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Old 03-05-2012, 08:20 AM   #1 (permalink)
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Default Backfoot driver

Last weekend I was having some trouble and it felt like my back foot was taking over far more than usual. I haven't had a lot of trouble in the past (2nd year, probably 15th time out) with driving mainly with my front foot prior to this, but even when I consciously focused on driving turns with my front shin/calf, my back foot would at some point overpower my front edge and skid out.

There were a few differences this time out and I was hoping to get some opinions on if any of these could have lead to my issues. If you don't think these contributed, then any advice on how to counter act or at least what to watch for, would be appreciated.

1. New board - I went from a 159 Ride Agenda to a 161 Never Summer SL...The profile is different with the Ride being a "flat rocker" and the NS obviously being their RC

2. Binding angle - When I moved my bindings over to the new board, I went from a +15/-3 to a +12/-9 angle to test out a more even stance and to see if opening the back foot would alleviate pressure on my knees.

3. Snow - The day I was having the most trouble was raining in the morning and by lunch the trails we were riding were all nicely packed down and glossy. Edges felt tenuous at best.


Thanks for any feedback.
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Old 03-05-2012, 08:26 AM   #2 (permalink)
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One problem might be board size. most people go smaller when they go to rc shape. Binding angle might change it up a little but shouldn't make your edge slip out. I would try +15 -9. Also maybe widening your stance might drop you lower to the board giving you more grip.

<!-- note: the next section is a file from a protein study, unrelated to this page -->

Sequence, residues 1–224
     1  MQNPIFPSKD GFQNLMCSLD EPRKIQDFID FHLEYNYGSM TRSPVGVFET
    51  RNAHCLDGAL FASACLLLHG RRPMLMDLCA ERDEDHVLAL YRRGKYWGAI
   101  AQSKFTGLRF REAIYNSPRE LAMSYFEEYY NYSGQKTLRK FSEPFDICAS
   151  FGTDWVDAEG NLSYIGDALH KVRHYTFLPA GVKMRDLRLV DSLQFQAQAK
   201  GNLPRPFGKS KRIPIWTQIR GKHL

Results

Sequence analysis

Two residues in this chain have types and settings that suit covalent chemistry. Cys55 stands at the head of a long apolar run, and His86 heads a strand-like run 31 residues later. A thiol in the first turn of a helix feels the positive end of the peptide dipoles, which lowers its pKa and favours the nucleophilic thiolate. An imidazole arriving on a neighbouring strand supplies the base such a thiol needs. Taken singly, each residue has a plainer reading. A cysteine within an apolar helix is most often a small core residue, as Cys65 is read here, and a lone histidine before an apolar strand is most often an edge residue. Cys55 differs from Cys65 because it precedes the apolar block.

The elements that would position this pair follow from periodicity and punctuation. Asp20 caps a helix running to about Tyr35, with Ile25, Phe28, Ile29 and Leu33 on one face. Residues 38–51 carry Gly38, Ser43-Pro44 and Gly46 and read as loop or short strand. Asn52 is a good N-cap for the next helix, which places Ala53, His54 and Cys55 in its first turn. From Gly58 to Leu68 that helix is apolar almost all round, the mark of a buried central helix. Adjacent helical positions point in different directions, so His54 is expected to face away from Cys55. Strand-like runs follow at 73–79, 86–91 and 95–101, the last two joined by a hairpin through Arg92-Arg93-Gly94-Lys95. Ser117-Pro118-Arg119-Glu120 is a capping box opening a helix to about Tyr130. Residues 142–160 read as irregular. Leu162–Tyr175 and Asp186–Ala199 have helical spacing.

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Old 03-05-2012, 08:56 AM   #3 (permalink)
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Originally Posted by Snowolf View Post
Since you indicate that you had not experienced this prior, I am going to highly suspect that is lack of familiarity with the new rocker profile. You are experiencing what a lot of people report when first trying this profile.

These boards are very subject to pivot and any rotational movement of the upper body can cause this. Do you notice a tendency for the tail to skid out in front of you more than behind? Riding with open shoulders in a countered stance can really cause some issues here. One thing if you find this to be true that helps is angling the back foot out more. I have found that with this profile, a symmetrical duck stance works best. I run 15/-18 (my right foot naturally kicks out more so I have more angle on the rear foot).

Another thing I am finding about any full rocker or the C2 style is that you need to use some fore aft movements. You could be staying forward too much and not shifting aft when needed. This will keep the tail light and subject to skidding out. Start your turn by shifting forward toward the nose and as you go into the control phase, begin to slowly shift aft so you complete the turn heavy on the rear foot.

Play with that and see how it goes....
Thanks for the feedback SnowMotion and Snowolf.

Regarding your question Snowolf, I was noticing on my toe side turns (I ride regular) that my upper torso would have a tendency to swing left and face down the mountain as my hips pivoted to the right across the mountain. When I consciously focused on keeping my shoulders parallel above my board I would turn REALLY fast (actually felt like I was picking up speed). If I didnít think about it, I am sure I was using normal bad habits.

Something that Iíve never been really clear on is the timing of moving weight back from front foot weighting to even weighting. How far into the turn should this occur?
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Old 03-07-2012, 10:02 AM   #4 (permalink)
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I was playing around with this yesterday and here's a couple things I found , I was having similar issues as you and also like you I've moved up from a 158 to a 162.